Tuesdays of Sheikhdad

Residents discussed children's education together

IMG_20190917_181124
Children sat together and carried out educational activities


2) Innovation

In this project, education and participation are intertwined and integrated, and an attempt has been made to introduce the concept of heritage conservation in the weekly life cycle of children with a continuous program, and everyday collaborative education to occur.


Efforts were made in group activities such as preparing a mind map, thematic and free drawings, building a local library on children’s cooperation with each other, responsibility and leadership of children in three stages of planning, action and emphasize evaluation, which promotes self-confidence, self-esteem, and independence of neighbourhood children. During these processes, more training and necessary assistance are provided to children at the request and feeling of need.


In conveying educational concepts to children, efforts were made to use methods and tools that include children’s perceptual components (imagination, entertainment, narration, innovation and technology, adventure, etc.) and also to revive indigenous and historical cultural patterns in practice and ideas. For example, indigenous occasional activities such as Taziyeh were revived by children, and animation was made for children to narrate the history of the neighbourhood.


Moreover, children’s agency was strengthened by accompanying artists who came to the neighbourhood by showing and introducing the place and guiding them in the neighbourhood, and helping the artist. The flexibility of activities and the creation of a free space facilitated the possibility of the presence of different groups of people and children, especially the deprived and quieter groups.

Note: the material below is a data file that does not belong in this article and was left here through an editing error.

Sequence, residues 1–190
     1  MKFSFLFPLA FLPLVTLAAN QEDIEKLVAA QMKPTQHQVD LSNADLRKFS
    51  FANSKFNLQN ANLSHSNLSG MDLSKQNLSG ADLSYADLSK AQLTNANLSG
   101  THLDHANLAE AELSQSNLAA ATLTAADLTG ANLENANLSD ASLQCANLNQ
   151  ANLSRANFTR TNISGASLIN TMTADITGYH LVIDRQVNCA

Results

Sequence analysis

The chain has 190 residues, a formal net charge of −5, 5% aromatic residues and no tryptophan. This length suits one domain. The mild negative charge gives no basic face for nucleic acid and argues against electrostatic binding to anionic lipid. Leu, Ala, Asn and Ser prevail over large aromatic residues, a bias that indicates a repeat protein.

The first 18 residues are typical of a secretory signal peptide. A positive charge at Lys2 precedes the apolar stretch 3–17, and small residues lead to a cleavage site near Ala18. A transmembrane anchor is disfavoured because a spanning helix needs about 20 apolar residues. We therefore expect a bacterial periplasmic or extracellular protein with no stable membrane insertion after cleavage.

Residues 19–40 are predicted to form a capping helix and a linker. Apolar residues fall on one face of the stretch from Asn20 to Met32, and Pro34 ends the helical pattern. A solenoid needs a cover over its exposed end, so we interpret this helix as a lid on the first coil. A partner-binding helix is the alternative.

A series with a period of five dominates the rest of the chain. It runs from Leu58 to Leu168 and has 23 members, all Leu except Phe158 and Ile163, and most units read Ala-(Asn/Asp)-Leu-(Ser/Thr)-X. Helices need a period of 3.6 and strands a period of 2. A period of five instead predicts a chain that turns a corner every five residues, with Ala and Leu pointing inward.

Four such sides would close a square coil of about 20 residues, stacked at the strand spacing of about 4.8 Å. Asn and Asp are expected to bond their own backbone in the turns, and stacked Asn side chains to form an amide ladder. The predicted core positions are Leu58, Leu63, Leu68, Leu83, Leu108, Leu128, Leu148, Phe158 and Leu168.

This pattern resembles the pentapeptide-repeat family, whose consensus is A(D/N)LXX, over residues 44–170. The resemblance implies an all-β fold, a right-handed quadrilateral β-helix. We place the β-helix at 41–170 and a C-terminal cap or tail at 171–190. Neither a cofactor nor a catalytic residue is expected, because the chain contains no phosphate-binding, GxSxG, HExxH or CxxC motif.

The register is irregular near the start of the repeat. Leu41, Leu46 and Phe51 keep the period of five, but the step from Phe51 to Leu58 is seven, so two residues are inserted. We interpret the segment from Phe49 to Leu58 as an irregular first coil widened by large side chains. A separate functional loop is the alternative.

Mirza Hamid is painting

Children and artists in the neighborhood


3) Exemplary Significance
One of the highlights of this project is the promotion of participatory actions with a focus on the role of people in a framework that is very difficult to achieve effective participation. In fact, most participatory activities are limited to conversations, counselling, or cross-cutting sessions, but the project focused on a long-term process that brings all social and cultural groups together. In addition to hearing the voices of the people, especially the voices of children as one of the socially disadvantaged groups in decision-making, we tried to follow their opinions and ideas. Thus, they could feel the effects of their opinions objectively. The experiences during the Sheikhdad project can be very useful for other collaborative projects and teaching cultural heritage to children, especially in developing countries, where the project can be recognized as a stimulant for children engagement projects in the conservation of cultural heritage.

In this issue of the presentation of outstanding cases, two case studies from France and Iran demonstrate the useful experience of building a positive relationship between world heritage and local people through innovative education. A series of conservation-based educational activities continue to explore the sense of responsibility of heritages among people of all ages, with a particular focus on enhancing the participation and of young people. In this way, the value of heritages is no longer limited to professional institutions, instead, the awareness of heritage conservation will be raised in the whole society. The cases also promote social inclusiveness and cohesion through WHE, realizing the all-round development of both heritages and people.

 

III Summary

We sincerely wish heritage education practitioners and participants could learn from and get inspired by this presentation of outstanding cases. It would be encouraging to us if the five features summarized above could provide insights to tailor-made innovation practices in the future. The completion of the case collection marked yet another beginning. In the future, we will continue our efforts from here and make endeavors to establish an international network for WHE cooperation and exchange, thus contributing to the innovation of heritage education and the all-around and sustainable development of the heritage sites.

In the next issue, we will present two outstanding cases: “Smithsonian Education Project for Digital Access to China’s Terracotta Army” (Sino-US) and “National Youth World Heritage Education Program” (China). We will discover their innovative features in “promoting multi-disciplinary integration through cross-boundary innovations and exploring a new model of multi-party cooperation through internal and external combination”.

 

Contributed by: WHITRAP Working Group
Edited by: He Yixuan, Zhang Yiyang